"The discount I put in the other day didn't save," she explained. As she corrected the price to $88, she apologized for the mix up again.
"No big deal, except I embarrassed my son again," I told her.
I paid and exited with the long black bag full of tux. As we pulled out of the parking lot, Tucker said, "Next year, I'll pay for my tux."
"I don't mind paying," I told him, "but I'm not just going to pay any price they say at the end if it doesn't match the price they showed us earlier."
"Whatever," he said.
I hope he saves a lot of money for next year's prom. I noticed that the boy behind him was paying $174, after his deposit.

Free Novel -- Only Not Today

I messed up on giving away my novel this month.
I was fooled by one of those backward calendars -- the kind we don't have in the U.S. too much.
The calendar on Amazon begins the week on Mondays. Obviously, I'm used to a calendar that begins on Sunday, so I thought I was marking Friday and Saturday to give away my novel for free on Kindle, but I accidentally marked Saturday and Sunday.
Sunday is usually a bad day to give away books. Hoisted on my own petard. (Isn't that a great phrase!)
Hope if you haven't downloaded my book yet that you will. It's free on Saturday and Sunday to download on Kindle or on  your computer.

Wednesday, May 08, 2013

Iris

The iris are in bloom at my house. They seem to have jumped ahead all of a sudden, but that makes me happy.
What's blooming at your house?

Tuesday, May 07, 2013

First Chapter, Tuesday Teaser -- The Promise of Provence


Every Tuesday, Diane at Bibliophile by the Sea posts the first paragraph of her current read. Anyone can join in. Go to Diane's website for the image and share the first paragraph of the current book you are reading.
This week on my Kindle, I'm reading The Promise of Provence by Patricia Sands. The book is about a woman in her mid fifties who sees her marriage end, her mother die and then finds hope again in Provence.
Here's the intro:
Stepping out the front door into a wash of cool autumn air, Katherine closed her eyes and inhaled its crispness. 
Pretty brief opening, but I'm enjoying the book.
Also this week is Teaser Tuesdays. Teaser Tuesdays is a weekly bookish meme, hosted by MizB of Should Be Reading. Anyone can play along! Open to a random page of your current read and share a teaser sentence from somewhere on that page. BE CAREFUL NOT TO INCLUDE SPOILERS! Share the title & author, too, so that other TT participants can add the book to their TBR Lists if they like your teasers:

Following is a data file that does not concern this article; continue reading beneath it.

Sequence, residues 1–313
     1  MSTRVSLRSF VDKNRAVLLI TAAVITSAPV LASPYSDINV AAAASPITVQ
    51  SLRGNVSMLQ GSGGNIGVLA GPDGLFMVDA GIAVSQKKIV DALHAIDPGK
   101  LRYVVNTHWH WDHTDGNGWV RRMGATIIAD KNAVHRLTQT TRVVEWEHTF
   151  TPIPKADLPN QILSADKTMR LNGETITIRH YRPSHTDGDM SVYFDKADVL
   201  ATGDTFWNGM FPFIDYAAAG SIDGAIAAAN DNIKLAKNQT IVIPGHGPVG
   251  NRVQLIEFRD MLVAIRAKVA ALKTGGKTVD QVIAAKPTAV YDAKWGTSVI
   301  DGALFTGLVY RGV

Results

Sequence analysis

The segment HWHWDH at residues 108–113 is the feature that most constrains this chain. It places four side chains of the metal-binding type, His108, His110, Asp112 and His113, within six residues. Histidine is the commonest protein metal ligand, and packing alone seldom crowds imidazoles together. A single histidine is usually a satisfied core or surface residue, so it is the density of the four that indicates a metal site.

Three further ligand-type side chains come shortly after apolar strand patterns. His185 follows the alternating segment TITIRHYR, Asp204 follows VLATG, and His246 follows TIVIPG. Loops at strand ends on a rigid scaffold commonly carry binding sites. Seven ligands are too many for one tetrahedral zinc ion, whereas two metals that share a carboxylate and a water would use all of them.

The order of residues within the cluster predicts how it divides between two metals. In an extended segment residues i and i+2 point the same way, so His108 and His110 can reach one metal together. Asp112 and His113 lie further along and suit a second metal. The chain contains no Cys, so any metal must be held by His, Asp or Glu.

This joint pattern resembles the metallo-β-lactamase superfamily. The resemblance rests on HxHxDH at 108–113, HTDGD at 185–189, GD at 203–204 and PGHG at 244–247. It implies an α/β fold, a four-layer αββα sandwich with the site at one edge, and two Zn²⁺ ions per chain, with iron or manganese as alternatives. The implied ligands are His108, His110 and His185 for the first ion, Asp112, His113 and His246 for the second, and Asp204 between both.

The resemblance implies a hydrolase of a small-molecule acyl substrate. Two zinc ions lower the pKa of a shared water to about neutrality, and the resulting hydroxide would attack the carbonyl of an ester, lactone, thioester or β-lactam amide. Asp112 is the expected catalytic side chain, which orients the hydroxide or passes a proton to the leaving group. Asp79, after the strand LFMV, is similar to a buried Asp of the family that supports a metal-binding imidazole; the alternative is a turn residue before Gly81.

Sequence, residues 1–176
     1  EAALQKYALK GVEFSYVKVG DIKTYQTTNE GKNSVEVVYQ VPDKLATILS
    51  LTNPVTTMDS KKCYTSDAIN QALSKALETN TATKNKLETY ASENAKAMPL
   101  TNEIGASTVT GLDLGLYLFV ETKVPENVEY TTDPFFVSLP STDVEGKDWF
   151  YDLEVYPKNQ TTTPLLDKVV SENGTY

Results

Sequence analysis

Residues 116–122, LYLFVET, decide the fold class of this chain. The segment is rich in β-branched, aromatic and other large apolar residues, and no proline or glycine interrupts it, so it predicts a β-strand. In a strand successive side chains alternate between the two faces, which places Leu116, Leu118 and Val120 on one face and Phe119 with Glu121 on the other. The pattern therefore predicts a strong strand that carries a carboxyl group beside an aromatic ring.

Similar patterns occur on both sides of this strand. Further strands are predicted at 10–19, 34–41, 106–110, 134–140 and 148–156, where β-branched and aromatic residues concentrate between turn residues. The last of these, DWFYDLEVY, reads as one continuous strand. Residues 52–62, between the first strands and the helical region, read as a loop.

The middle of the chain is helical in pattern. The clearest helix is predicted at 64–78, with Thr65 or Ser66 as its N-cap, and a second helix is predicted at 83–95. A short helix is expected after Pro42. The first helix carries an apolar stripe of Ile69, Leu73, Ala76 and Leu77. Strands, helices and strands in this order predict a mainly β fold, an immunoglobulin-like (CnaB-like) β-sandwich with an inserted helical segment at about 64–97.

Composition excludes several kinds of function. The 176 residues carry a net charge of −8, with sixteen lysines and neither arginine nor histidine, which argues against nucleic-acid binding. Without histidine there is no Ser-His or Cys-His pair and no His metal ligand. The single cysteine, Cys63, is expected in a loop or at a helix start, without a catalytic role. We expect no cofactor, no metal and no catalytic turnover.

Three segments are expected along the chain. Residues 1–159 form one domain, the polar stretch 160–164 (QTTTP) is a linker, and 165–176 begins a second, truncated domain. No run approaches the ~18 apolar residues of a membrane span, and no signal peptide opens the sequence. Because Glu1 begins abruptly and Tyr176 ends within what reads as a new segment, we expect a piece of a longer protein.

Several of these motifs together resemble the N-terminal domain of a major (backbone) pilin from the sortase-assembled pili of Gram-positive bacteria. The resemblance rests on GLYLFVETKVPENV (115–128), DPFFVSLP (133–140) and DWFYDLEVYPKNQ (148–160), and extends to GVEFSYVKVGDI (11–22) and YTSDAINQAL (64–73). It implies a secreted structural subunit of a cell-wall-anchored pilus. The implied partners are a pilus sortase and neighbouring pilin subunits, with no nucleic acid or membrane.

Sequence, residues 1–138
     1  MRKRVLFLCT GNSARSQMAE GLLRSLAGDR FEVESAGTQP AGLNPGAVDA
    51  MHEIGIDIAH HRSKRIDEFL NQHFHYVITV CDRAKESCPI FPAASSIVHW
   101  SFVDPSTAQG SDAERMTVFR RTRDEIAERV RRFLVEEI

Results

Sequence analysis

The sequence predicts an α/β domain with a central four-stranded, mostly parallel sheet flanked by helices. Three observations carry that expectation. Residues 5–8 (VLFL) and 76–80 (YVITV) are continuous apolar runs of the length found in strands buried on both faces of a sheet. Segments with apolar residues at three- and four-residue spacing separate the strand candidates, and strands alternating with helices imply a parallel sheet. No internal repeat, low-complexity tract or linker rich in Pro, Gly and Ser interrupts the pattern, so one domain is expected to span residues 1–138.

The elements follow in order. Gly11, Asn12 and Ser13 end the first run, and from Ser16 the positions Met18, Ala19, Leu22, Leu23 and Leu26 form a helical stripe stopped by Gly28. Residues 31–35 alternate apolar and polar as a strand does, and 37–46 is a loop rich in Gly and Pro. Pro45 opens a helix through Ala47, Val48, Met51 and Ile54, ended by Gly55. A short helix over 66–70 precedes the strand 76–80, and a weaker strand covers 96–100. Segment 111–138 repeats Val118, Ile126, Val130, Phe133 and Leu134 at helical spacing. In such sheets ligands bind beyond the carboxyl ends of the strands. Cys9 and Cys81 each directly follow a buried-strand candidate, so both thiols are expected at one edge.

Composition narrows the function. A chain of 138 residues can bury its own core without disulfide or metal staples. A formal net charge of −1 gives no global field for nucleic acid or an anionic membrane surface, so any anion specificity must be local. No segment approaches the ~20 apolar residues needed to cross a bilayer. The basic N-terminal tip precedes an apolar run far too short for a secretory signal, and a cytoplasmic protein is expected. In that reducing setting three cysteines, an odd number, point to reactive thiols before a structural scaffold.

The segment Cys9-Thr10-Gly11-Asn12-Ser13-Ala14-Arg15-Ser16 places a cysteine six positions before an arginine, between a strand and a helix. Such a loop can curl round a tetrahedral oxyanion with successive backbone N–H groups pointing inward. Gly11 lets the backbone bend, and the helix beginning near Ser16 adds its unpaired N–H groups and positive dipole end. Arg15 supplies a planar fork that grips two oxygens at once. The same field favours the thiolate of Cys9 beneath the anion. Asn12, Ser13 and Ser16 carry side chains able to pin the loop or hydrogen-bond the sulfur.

Here's mine from chapter 3: 
Her voice trailed off and she gave Andrea an exasperated look before continuing, "So here I am -- single, fifty-five years old, more wrinkles appearing every day --not exactly sought-after dating material. Which really doesn't matter, because I'm not the least bit interested in dating. The thought of it repulses me! But still the prospect of aging alone isn't particularly joyful." 
I'd encourage everyone to give this book a try for a meandering trip through Provence. 

Monday, May 06, 2013

Cat Pee and Open Windows

(Here's another story for Phyllis -- See Sunday's explanation)
Sunday morning, Grace had to be at work at 7, so I planned to meet a friend for a run after I dropped her off.
We headed out a little late at 6:50 a.m. and when I opened the door to our freestanding garage, a black, fuzzy cat went streaking out. He'd been locked in overnight.
The front of our blue car was covered with cat footprints.
This cat is innocent of the crime and
shocked at the actions of a fellow feline.
Then, I saw to my horror, the car windows were down. I never leave the windows down once I pull into the garage, Even as I was walked toward the car, I wracked my brain to think who could have driven the car after me.
Nope, I was the last one to drive it, and as the sun and the warm air had seduced me the day before, I left the windows down when I pulled in, and closed the big garage door.
When Earl had come home from work at midnight, he'd seen the "people" door was open, so he firmly closed it, trapping that furry cat inside.
As I walked toward the car, my hands full of water bottles and library books, I looked in the car to see if the cat had been there. On the passenger seat, I saw several little balls of cat poop. Crap!
I threw my things in the back seat and ran inside for a plastic grocery bag to clean up the poop, and a bottle of Woolite to scrub the upholstery.
Ick! I scooped up each dropping then carried the plastic bag to the outdoor trash can. I sprayed the seat and
rubbed at it with the rag.
"Sit in the backseat," I warned Grace as she approached with her coffee cup in hand.
Then I ran around to the driver seat and looked down before I slid inside. The seat had a tell-tale shadow to it.
Damn. The cat pooped in one seat and peed in the other.
I ran back in the house to get a plastic bag to sit on. Grace was going to be late for work. I stopped just long enough to wake my sleeping husband and accuse him of closing the garage door on a cat.
Then I raced back to the car, Target bag in hand.
I spread it across the seat and sat on top of it, feeling like the wetness was soaking through to my running shorts.
After dropping off Grace, I hurried to the park to meet my friend. I stood up and pulled the plastic bag from the seat. The moisture of the pee had interacted with the red circles on the Target bag, leaving red circles on the car seat.
Just great.